Jerri and Bill Savuto represent a pattern of United Methodist missionary service common in the late 20th and early 21st century: long years spent in a variety of places, with occasional timeouts. Jerri was a registered nursed and Bill an educator and electronics technician. Their longest service was at Maua Methodist Hospital in Maua, Kenya.
A native of Santa Fe, New Mexico, Jerri earned a Bachelor of Science in Nursing from Texas Christian University in Fort Worth, Texas, in 1968; Bill was a native of Edmonton, Canada, who earned a Bachelor of Science degree in photographic science from the Rochester Institute of Technology in Rochester, New York in 1968. He earned a master’s in education from the University of San Diego in 1978 and a Bachelor of Science in Computer Science from Eastern New Mexico University in 1992.
Their first mission experience was at the Navajo Methodist Mission School in Farmington, New Mexico, in 1973–74, where Jerri was a campus nurse and teacher of health courses and Bill taught math. In 1982, Jerri and Bill were commissioned by the General Board of Global Ministries and initially served in Belize City, Belize, for a three-year term. Jerri established and directed a national breastfeeding program, credited with increasing breastfeeding from 18 percent to 52 percent. Bill taught math at Wesley College.
From 1986 to 1989, they served in Jos, Nigeria, where Bill was field treasurer for the Nigerian United Methodist Church and Jerri did school and rural health nursing. The couple worked at Maua Methodist Hospital in Kenya from 1998 to 2003 and again from early 2007 to mid-2012 when they retired. Jerri died in late 2016.
In their initial placement at Maua, a facility of the autonomous Methodist Church of Kenya, Jerri was a tutor in the hospital RN program. Her responsibilities included teaching nursing students in the areas of anatomy, physiology, nutrition, pharmacology, medical and surgical nursing, pediatrics, and community health. Bill kept busy with the maintenance and installation of computer hardware and software as well as training students and staff in computer use. Bill was also responsible for work teams, hospital construction and a street boy’s ministry, and he worked closely with the hospital’s AIDS Orphan Program.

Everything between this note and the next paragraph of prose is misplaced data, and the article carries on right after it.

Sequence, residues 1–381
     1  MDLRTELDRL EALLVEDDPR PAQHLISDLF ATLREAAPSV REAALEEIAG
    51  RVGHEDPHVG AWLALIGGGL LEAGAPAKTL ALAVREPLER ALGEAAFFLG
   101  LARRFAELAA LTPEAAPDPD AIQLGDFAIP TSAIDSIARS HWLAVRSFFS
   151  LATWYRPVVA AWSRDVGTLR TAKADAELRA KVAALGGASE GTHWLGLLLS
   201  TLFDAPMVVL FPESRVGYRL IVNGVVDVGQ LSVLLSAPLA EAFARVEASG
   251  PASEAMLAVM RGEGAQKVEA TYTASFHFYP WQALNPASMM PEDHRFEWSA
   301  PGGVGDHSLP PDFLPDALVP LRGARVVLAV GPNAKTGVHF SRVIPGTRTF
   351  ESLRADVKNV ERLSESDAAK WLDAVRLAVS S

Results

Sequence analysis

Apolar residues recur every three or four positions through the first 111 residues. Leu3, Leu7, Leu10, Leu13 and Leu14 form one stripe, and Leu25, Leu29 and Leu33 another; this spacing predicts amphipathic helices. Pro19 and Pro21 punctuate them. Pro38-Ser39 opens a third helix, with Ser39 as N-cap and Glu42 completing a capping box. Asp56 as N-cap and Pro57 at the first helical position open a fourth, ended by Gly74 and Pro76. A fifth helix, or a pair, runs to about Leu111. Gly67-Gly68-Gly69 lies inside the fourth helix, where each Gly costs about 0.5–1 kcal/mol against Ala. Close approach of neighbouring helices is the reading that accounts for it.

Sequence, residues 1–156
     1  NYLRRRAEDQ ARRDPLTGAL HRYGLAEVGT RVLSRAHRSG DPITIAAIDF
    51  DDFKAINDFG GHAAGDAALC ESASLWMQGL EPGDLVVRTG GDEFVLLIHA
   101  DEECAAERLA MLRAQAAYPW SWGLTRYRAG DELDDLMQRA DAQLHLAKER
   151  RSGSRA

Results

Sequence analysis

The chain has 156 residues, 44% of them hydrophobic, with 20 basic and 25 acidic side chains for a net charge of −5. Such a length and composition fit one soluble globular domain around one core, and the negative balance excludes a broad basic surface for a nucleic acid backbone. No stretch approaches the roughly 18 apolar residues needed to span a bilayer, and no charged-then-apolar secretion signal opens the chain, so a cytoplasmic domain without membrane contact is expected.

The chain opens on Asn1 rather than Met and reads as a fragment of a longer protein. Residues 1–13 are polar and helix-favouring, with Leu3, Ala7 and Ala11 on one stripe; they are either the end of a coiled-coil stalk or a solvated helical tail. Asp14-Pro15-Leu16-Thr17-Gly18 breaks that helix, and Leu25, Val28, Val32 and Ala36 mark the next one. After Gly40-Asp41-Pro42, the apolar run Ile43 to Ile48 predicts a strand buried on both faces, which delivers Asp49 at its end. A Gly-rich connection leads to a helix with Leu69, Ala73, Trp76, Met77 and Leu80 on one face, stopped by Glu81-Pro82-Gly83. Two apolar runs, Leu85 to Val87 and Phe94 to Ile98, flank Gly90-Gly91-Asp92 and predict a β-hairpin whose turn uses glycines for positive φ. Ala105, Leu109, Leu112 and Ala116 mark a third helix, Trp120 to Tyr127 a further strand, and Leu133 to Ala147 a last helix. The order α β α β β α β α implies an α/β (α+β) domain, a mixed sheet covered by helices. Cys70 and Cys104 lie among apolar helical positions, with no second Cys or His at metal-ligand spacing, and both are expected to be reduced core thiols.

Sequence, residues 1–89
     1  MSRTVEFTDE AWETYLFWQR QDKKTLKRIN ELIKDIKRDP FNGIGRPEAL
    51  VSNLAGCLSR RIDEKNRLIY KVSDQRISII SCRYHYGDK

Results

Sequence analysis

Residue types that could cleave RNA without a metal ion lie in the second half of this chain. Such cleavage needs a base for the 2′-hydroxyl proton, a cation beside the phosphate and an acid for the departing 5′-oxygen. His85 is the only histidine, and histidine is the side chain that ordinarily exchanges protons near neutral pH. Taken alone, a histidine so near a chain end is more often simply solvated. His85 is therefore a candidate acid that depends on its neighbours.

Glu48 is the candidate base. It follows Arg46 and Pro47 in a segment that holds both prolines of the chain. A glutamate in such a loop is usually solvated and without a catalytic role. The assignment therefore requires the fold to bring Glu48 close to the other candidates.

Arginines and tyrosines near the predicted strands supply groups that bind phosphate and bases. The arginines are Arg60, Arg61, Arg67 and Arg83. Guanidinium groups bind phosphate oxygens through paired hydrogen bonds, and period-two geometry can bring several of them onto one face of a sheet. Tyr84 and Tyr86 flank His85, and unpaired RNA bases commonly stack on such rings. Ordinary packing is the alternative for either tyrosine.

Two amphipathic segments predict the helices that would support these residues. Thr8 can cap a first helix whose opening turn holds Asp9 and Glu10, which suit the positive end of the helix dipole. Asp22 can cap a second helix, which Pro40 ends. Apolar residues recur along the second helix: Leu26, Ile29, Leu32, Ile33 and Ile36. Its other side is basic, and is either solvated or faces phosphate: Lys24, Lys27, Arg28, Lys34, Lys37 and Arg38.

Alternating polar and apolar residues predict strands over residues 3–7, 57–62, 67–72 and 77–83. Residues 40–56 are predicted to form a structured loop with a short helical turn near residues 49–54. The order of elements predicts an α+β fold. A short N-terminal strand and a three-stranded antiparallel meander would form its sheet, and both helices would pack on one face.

The second stay at Maua began in January 2007. Jerri served as quality improvement and staff development officer and the hospital became a model for others in Kenya. Bill continued to work with the Information Technology unit and served as chairperson of the IT committee. He also worked with work teams and was an assistant to the hospital administrator overseeing construction projects.
Jerri and Bill served as missionary interpreters in residence for the South Central Jurisdiction of The United Methodist Church from 2004 to 2006. This entailed interfacing with annual conferences, districts, and congregations, work at which they excelled.
The lives of Jerri and Bill Savuto illustrated a theology summed up by Bill: To fulfill God’s call for us as a Christian Church, we must be in mission. Jesus said the two Great Commandments are: Love the Lord your God with all your heart, and with all of your soul, and with all of your strength; and love your neighbor as you love yourself. We must ground our faith in worship, prayer, Bible study, and reveal and practice our faith in mission throughout the world by giving the Good News of God’s love to our brothers and sisters in Christ. Faith and works go together in God’s plan for our lives here on earth – we must do both.
Jerri and Bill Savuto retired to Irving, Texas, where they belonged to the Plymouth Park United Methodist Church. They continued to be strong mission advocates, maintaining ties with local churches to which they had developed ties across the years.
The couple was noted for their diligence in communicating with support churches. They wrote hundreds of down-to-earth letters, often about the people with whom they ministered. Here is a typical excerpt, from September 2011:
Last Saturday was an AIDS Orphan’s Day and about 300 children/teens came to the compound to worship, play, learn, eat and share together. As always, the day began in the chapel with worship, singing, preaching and teaching. Following this, the group had tea and then was split into age/class groups to discuss a question and then come together to share their answers.
We were so glad to see Jeffrey back teaching and sharing with the orphans. He was in the program since it began and was sent to teacher’s college and is now awaiting the results of the exam he recently took and then will hopefully be hired by the government to teach school. He told us that he so wants to help the other AIDS orphans as he was helped and to inspire and encourage them along with teaching them how to behave and how to succeed. He is such a wonderful role model and we thank God for his commitment to help the AIDS orphans as he has been helped.
Jerri and Bill had one daughter, Corrie Lyn, and two grandchildren.
By Elliott Wright, information consultant for Global Ministries.